So, does theater criticism actually serve any function in Orange County? Does anyone, other than the actors in the show, actually read theater critiques?
Joel: “I have no idea. I would think that people who want to read something that is thoughtful and interesting to read would be interested, but does it effect box office? I doubt it. Nothing like word of mouth. We’re not a theater town. Criticism isn’t appreciated in Orange County, but is theater even appreciated, even by the practitioners? Look at the shows they’re doing.”
Theater criticism in the print world is dying. Page counts in publications are decreasing constantly as reviews are morphing into the online media world. The OC Register has all but dropped their Arts section in print, relegating it primarily to online. They don’t even have a full-time theater writer. Eric Marchese, who has been the Register theater critic for decades, has never held a staff position. Blogs like this one are becoming more the norm.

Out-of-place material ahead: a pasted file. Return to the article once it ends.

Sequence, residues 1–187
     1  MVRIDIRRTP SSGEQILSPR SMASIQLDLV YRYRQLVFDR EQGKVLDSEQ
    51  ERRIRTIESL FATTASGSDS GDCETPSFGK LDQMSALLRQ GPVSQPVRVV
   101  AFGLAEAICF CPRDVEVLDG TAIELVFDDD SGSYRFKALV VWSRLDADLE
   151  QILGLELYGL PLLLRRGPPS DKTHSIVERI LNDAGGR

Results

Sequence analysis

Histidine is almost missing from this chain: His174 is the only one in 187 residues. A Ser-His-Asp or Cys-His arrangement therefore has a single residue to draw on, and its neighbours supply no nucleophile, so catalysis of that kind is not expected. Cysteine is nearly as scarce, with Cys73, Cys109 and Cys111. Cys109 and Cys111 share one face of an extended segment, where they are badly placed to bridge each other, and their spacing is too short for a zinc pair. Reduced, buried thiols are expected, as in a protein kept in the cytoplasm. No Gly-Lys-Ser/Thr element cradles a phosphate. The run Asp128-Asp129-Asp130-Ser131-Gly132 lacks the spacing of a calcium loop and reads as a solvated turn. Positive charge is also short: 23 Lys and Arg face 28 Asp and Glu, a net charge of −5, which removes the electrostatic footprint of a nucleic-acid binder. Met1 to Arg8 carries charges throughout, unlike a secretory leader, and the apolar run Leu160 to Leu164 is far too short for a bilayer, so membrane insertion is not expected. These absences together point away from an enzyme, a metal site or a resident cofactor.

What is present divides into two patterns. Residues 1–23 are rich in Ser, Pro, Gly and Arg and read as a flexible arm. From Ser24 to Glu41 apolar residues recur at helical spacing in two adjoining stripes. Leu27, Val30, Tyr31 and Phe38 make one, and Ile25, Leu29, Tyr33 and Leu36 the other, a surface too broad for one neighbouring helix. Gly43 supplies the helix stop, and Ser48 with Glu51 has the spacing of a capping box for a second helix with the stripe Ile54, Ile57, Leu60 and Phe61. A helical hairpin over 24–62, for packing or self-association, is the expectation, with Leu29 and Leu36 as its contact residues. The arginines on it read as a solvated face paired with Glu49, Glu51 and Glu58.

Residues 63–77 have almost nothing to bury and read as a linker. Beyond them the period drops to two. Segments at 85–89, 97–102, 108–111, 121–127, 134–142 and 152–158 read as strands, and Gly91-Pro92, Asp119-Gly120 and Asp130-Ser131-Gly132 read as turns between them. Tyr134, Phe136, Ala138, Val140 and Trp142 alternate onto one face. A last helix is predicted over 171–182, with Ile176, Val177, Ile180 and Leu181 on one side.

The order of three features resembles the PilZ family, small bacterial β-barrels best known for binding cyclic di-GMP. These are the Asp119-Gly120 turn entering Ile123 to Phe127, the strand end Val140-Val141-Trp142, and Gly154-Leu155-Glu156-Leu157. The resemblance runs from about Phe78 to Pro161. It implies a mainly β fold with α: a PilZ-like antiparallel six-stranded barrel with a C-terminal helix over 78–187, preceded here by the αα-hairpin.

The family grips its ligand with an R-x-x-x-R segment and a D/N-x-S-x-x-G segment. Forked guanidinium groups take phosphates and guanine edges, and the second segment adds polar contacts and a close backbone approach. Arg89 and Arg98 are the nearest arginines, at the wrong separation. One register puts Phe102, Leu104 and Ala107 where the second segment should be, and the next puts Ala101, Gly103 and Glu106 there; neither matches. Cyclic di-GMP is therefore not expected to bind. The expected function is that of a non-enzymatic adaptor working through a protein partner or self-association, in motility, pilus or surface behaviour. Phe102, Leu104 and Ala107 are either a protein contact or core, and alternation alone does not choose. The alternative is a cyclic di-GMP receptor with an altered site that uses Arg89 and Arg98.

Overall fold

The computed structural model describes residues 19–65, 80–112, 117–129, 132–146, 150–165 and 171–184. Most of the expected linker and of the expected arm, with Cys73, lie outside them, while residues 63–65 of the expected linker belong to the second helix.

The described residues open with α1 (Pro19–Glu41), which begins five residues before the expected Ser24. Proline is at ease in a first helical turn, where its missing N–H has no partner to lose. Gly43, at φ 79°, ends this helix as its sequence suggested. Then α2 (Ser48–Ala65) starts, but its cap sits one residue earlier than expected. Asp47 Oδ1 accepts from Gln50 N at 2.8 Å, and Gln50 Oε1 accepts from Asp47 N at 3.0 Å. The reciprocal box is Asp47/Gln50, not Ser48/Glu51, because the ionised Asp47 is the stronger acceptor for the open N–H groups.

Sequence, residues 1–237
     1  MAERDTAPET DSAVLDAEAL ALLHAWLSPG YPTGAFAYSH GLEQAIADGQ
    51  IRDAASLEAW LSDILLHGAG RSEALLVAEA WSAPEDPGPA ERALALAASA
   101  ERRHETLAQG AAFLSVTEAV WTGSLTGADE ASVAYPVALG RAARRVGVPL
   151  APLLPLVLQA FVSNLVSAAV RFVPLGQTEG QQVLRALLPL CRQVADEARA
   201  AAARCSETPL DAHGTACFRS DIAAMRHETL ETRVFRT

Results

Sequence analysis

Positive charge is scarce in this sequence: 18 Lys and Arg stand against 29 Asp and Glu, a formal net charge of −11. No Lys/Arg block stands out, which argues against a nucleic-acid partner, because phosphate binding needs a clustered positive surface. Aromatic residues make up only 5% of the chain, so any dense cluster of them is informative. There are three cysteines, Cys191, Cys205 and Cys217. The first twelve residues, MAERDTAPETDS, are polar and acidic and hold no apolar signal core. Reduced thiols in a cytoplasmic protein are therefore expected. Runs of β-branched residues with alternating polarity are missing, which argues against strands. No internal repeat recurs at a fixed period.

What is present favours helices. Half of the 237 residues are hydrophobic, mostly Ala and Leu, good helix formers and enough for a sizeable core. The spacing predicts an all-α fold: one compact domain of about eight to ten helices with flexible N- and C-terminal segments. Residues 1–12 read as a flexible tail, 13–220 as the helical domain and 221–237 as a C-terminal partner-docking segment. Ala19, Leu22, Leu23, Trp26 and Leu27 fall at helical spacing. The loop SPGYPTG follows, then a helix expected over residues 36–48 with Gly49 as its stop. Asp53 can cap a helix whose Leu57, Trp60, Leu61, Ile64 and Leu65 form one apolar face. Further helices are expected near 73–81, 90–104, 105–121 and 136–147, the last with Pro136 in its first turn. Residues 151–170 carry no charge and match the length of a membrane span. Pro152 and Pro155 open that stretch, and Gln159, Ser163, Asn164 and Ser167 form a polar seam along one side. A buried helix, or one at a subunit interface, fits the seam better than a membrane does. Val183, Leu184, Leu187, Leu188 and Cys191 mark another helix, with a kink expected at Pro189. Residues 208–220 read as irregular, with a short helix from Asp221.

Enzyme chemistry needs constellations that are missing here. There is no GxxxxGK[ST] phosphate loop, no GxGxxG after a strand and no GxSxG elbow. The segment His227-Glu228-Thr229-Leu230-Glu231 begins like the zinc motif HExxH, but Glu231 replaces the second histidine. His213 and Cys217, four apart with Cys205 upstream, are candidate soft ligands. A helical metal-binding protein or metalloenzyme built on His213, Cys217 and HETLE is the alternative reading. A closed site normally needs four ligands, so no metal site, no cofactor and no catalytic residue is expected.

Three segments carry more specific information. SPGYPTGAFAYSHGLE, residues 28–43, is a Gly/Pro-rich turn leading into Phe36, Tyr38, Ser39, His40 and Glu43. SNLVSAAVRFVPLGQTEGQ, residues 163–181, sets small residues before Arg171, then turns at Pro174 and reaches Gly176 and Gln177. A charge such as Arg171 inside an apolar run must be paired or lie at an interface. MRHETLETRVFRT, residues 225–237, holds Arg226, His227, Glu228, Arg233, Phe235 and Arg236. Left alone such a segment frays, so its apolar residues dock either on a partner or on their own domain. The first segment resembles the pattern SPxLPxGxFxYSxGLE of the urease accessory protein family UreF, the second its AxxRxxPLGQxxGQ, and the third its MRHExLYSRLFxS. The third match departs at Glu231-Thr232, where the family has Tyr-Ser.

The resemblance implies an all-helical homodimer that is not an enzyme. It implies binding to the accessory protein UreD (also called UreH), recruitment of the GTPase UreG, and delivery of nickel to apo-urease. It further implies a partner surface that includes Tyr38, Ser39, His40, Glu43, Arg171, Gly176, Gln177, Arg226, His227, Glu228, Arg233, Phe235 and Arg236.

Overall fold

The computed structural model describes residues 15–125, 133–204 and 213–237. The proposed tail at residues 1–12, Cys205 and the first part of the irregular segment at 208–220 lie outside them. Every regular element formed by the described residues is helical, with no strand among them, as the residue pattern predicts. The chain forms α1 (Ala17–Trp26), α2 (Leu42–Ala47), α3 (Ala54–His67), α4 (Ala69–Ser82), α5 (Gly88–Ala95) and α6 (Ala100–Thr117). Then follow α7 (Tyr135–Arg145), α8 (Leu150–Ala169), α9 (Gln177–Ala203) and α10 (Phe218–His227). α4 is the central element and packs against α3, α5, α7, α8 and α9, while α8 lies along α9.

Joel writes because he loves writing, loves to see interesting theater and is passionate about it. South Coast Rep and The Chance are the only theaters that regularly still invite him to come see all their shows.
Joel: “The reason they do that is they understand that reviews are part of the whole process, part of the dialogue, the whole conversation.”
Joel is an advocate for theaters putting on new works and local playwrights, whenever possible, but you see very little of that these days, not as much as you used to when Hunger Artists and Rude Guerilla were in existence. Stages still puts on new work, but not as much as they used to. Unknown shows are a risky proposition for theaters and these days that can be too large a risk, as has been pointed out in this column previously. Aside from South Coast Rep, who regularly produce new American playwrights and whose ticket prices are quite beyond local theaters, a theater devotee is hard-pressed to find fresh and interesting work. The OC Centric festival that goes on every summer at Chapman College and features OC playwrights is about the only venue available to local aspiring writers.